"Some painters transform the sun into a yellow spot, others transform a yellow spot into the sun." Pablo Picasso
© 2000 Nita Leland
If you learn the split-primary color-mixing system, you'll never make mud again, unless you intend to! It's really quite simple. You use just six colors, including two of each primary hue. The trick is in choosing the right colors and then combining them correctly to get the optimum result. The illustration shows you a bright, high-intensity color wheel mixed with split primaries. Here's how it works:
Make a circle with a three-legged figure in the center, like a clock with three hands. At the top of the circle (12 o'clock) to the right of the line, place Winsor Lemon or Cadmium Lemon (or another color that looks similarly cool and lemony, but not Lemon Yellow Nickel Titanate. Place New Gamboge, Cadmium Yellow or Indian Yellow to the left of the line. Next, going clockwise around the circle to four o'clock, place Winsor Blue (Green Shade or Red Shade) or Phthalo Blue above the line and French Ultramarine below the line. Continuing clockwise to eight o'clock, place Alizarin Crimson or Permanent Rose below the line and Winsor Red, Permanent Red, Scarlet Lake or Cadmium Red above the line.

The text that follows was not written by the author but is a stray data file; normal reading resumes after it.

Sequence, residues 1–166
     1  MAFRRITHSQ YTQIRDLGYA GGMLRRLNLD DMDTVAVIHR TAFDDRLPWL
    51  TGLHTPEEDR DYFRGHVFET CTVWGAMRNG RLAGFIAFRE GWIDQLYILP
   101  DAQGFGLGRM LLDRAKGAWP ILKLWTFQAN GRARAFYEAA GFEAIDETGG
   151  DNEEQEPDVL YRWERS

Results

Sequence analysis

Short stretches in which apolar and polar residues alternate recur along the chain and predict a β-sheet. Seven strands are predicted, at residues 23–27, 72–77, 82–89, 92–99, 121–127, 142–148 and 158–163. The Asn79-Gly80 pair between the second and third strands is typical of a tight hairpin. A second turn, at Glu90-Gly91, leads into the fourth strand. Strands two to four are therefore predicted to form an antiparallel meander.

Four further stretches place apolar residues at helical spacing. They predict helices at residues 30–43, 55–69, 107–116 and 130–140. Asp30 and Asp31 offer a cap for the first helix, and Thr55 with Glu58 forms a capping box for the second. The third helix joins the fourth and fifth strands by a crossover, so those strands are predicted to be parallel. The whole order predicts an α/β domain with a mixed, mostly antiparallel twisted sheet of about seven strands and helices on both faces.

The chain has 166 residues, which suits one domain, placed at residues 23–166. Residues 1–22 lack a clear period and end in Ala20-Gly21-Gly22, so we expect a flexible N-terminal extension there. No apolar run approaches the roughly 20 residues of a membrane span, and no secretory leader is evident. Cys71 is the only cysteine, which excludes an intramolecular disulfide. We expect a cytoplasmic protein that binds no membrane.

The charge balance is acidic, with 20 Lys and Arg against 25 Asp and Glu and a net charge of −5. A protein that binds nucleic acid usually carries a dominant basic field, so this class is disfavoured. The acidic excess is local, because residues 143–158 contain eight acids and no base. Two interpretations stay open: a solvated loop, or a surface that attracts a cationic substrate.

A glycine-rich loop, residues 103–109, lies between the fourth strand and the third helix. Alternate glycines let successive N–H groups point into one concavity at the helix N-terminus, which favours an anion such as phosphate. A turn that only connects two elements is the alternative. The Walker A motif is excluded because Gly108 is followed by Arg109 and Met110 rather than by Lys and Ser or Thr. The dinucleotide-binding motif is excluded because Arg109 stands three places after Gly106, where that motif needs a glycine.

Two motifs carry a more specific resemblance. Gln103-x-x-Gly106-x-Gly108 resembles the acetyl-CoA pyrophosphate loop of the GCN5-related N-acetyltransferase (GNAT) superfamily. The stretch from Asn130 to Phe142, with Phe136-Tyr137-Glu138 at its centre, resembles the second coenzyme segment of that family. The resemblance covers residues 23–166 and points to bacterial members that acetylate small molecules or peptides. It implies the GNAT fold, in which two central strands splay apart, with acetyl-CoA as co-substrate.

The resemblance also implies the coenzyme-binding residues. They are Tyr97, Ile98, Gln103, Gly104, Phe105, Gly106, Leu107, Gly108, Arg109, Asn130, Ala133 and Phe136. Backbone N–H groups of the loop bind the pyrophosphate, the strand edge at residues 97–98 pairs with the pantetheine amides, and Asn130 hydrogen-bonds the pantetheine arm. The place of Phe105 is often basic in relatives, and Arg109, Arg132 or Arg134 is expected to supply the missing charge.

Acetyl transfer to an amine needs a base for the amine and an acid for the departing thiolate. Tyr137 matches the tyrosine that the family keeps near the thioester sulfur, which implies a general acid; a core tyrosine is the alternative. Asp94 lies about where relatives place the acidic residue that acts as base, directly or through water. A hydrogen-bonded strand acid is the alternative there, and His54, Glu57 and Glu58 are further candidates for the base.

Here's the rule: When mixing two colors on the wheel to achieve high-intensity color, don't cross the lines! Mix only the two colors in each section within the lines.
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